Issue No. 01 - January (1998 vol. 47)
DOI Bookmark: http://doi.ieeecomputersociety.org/10.1109/12.656073
<p><b>Abstract</b>—The very high levels of integration and submicron device sizes used in current and emerging VLSI technologies for FPGAs lead to higher occurrences of defects and operational faults. Thus, there is a critical need for fault tolerance and reconfiguration techniques for FPGAs to increase chip yields (with factory reconfiguration) and/or system reliability (with field reconfiguration). We first propose techniques utilizing the principle of node-covering to tolerate logic or cell faults in SRAM-based FPGAs. A routing discipline is developed that allows each cell to cover—to be able to replace—its neighbor in a row. Techniques are also proposed for tolerating wiring faults by means of replacement with spare portions. The replaceable portions can be individual segments, or else sets of segments, called "grids." Fault detection in the FPGAs is accomplished by separate testing, either at the factory or by the user. If reconfiguration around faulty cells and wiring is performed at the factory (with laser-burned fuses, for example), it is completely transparent to the user. In other words, user configuration data loaded into the SRAM remains the same, independent of whether the chip is defect-free or whether it has been reconfigured around defective cells or wiring—a major advantage for hardware vendors who design and sell FPGA-based logic (e.g., glue logic in microcontrollers, video cards, DSP cards) in production-scale quantities. Compared to other techniques for fault tolerance in FPGAs, our methods are shown to provide significantly greater yield improvement, and a 35 percent non-FT chip yield for a 16 × 16 FPGA is more than doubled.</p>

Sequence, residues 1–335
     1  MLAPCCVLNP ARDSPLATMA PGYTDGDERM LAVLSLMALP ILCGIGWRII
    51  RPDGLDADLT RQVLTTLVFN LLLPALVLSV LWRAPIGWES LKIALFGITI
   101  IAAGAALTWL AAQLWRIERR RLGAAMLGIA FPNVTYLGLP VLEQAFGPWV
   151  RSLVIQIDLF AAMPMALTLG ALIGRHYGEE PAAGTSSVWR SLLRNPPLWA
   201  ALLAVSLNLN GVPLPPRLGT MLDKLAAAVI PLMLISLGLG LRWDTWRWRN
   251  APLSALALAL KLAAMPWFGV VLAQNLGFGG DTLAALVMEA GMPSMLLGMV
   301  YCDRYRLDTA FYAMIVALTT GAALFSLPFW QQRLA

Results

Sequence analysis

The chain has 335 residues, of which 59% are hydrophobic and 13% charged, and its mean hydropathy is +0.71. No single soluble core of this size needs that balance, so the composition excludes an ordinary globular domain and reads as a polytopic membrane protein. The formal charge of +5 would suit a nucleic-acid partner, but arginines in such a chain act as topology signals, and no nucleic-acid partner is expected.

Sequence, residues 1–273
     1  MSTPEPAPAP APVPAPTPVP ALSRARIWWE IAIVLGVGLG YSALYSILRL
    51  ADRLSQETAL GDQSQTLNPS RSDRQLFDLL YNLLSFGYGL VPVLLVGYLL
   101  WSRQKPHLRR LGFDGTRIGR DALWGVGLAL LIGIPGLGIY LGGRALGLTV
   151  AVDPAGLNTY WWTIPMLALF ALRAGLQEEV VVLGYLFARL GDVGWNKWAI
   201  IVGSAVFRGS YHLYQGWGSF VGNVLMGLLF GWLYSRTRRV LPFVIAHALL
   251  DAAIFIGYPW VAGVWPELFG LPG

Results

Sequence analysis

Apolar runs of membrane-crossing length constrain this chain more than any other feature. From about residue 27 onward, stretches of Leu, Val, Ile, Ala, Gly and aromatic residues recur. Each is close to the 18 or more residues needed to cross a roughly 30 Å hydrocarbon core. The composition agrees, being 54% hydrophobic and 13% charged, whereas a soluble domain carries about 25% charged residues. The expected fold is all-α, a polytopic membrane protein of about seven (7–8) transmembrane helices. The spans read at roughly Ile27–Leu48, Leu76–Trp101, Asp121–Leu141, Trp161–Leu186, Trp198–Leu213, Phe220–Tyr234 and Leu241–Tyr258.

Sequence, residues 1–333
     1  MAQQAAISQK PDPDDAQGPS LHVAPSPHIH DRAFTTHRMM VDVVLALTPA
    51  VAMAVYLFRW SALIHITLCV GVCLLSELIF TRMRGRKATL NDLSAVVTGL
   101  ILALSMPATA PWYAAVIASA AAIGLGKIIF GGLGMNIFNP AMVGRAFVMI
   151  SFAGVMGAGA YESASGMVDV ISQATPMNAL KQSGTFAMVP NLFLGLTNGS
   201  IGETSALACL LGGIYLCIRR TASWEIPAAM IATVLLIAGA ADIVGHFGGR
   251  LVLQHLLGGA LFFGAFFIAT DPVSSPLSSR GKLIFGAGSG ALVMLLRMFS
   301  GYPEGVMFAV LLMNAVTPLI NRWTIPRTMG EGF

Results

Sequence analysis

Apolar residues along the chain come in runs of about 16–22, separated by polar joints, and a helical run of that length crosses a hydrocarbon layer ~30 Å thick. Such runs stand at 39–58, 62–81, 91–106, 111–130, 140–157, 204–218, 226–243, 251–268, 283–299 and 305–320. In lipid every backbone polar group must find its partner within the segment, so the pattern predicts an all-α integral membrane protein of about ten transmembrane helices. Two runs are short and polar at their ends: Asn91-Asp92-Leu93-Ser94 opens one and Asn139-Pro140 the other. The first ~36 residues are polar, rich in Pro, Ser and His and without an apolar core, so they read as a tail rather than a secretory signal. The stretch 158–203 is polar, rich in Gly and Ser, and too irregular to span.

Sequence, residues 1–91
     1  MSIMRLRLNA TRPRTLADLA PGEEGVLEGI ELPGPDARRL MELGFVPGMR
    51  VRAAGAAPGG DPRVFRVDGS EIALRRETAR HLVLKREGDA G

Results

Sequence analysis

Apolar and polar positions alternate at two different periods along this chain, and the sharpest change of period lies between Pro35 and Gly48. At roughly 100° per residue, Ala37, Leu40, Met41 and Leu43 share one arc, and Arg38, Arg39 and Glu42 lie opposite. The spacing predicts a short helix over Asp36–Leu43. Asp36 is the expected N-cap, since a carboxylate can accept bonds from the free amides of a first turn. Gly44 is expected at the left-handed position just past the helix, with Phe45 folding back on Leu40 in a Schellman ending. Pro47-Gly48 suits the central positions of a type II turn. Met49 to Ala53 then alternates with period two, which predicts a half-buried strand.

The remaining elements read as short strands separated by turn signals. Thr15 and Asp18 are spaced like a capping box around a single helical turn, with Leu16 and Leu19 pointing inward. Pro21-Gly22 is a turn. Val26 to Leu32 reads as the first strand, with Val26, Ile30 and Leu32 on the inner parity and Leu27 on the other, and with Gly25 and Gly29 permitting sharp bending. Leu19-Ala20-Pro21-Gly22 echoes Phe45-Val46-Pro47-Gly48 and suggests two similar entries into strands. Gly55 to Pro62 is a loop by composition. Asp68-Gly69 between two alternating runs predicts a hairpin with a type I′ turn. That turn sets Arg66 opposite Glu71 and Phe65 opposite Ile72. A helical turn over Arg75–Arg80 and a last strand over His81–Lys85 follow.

Fault tolerance, Field Programmable Gate Array (FPGA), yield improvement, cell faults, wiring faults, reconfiguration.
S. Dutt and F. Hanchek, "Methodologies for Tolerating Cell and Interconnect Faults in FPGAs," in IEEE Transactions on Computers, vol. 47, no. , pp. 15-33, 1998.